Munich “Tatort: ​​Kehraus” in the first

NYes, Ivo Batic (Miroslav Nemec) never read the Steve Jobs biography. But when a stubborn suspect asks him about it, at some point he begins to write down names: Leiti, Kalli – these are the first of the five people with whom the veteran of the Munich Homicide Squad spends most of his time. Didn’t Jobs, the tech guru, advise anyone who wants to make something of themselves to choose their circle of life wisely? Because everyone becomes the average of their daily interactions?

A little consolation in the sadness

After more than 30 years with Leitmayr and Batic, the “Tatort” audience knows that the latter is not doing so badly. But now, at carnival time, the Bavarian with Croatian roots is gnawing after all, disguised as a pilot and hooking up brisk bees at drunken costume parties on the great days. Beyond midlife, however, the carnivalesque change of identity quickly becomes somewhat hopeless, as the vita can no longer be so easily steered onto other paths. And so this “crime scene” with the title “Kehraus” (Stefan Betz book, Stefan Holtz) is one of the saddest in a long time, and it is only thanks to its main actors, above all Nemec, that it is at least slightly heartwarming as a consolation his sadness to the bitter end.

It all starts so happily in Irmi’s pub with streamers, hits and costumed people, who Ivo Batic and his partner Franz Leitmayr (Udo Wachtveitl), who is annoyed by all of this, have to ask despite the alcohol fog in the hope of a clear view. The body of a man has been found out on the street who had just been alive but suspiciously undisguised at the counter starting trouble with a Little Red Riding Hood and an Indian – or “Native American,” as the inspectors tipsyly corrected.

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Nina Proll as Little Red Riding Hood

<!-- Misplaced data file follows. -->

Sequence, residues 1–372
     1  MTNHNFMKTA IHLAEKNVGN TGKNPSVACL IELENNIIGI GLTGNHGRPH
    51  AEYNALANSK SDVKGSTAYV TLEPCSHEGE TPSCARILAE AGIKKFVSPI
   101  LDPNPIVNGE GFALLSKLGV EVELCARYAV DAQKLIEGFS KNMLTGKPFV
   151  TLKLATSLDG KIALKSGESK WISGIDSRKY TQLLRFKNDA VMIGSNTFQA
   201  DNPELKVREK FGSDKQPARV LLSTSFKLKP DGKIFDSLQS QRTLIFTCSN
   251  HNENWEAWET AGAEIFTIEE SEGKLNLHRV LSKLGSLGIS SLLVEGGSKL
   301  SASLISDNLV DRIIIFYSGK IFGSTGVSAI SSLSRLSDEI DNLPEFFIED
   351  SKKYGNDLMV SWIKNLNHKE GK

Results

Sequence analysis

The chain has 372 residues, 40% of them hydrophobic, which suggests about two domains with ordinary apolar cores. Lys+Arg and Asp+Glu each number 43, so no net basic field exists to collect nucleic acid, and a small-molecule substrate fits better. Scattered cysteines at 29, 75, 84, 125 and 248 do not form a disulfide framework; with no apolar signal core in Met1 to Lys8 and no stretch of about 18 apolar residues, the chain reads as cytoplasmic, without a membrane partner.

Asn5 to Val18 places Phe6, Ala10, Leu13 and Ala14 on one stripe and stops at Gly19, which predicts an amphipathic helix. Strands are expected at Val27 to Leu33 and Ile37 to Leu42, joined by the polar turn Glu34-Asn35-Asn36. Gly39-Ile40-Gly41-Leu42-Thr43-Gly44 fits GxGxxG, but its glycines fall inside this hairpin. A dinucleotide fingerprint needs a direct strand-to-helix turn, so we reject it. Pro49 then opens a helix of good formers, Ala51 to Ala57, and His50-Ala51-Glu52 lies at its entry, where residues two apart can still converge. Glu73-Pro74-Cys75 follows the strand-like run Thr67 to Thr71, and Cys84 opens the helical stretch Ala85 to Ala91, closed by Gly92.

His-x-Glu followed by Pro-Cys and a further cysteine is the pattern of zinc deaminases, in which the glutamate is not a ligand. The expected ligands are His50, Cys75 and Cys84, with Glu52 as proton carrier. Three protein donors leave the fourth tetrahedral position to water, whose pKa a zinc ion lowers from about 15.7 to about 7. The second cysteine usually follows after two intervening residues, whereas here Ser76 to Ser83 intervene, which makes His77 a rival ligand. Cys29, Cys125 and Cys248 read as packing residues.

Little Red Riding Hood, played by Nina Proll, turns out to be a sober woman named Silke Weinzierl. Her best days as a carnival princess are long behind her, but the divorcee is a person with ambitions, a wannabe entrepreneur who gambles, loses, puts everything on one card again – and ends up in the “lion’s den”. However, not in the television show of the same name for founders, but in personal bankruptcy. And through clumsiness in mortal danger, which reaches her teenage son and ex-husband.


Crime scene: Kehrhaus

Video: ARD, image: BR/Lieblingsfilm GmbH/Luis Zeno

Somehow Silke Weinzierl stupidly got into a money laundering business with a South African connection, a size too big for her and also for this “crime scene” staged by the director Christine Hartmann with a feeling for the milieu, which plays in a parallel universe without corona worries . A dumb tattoo artist has an appearance, a witchy landlady and a bad wolf. Did Silke walk over a corpse to get the capital she so urgently needs? What does the old lady know? And who is cruising through Munich in a white pimp car with a Dutch license plate? Reassuringly, if at times quite soporific, old-fashioned is this episode in which solving a homicide turns into an attempt to prevent the next possible crime.

At its core, it is about Silke Weinzierl’s longing to become more than she is. Nina Proll is given the opportunity to slip into many roles: as a humiliated femme fatale, a guilty mother, a brash lifesaver and finally, in a surprisingly gritty finale, as the cold-blooded queen of self-sacrifice and revenge. It’s amazing how vague this character remains despite everything and how persistently it awakens Ivo Batic’s protective instinct. Behind her, despite an unmotivated appearance in his underpants, Leitmayr steps into the second row as his actual opposite, and the eternal young inspector Kalli (Ferdinand Hofer) remembers at this costume ball, which staggers tiredly towards Ash Wednesday, above all the attempt to present himself as a beer glass – or whatever that should be – to disguise. “Are you actually satisfied with your life?” Silke asks Ivo Batic, temporarily lodged in a hotel suite. “I have what I need,” he says. This is how the case can be summed up.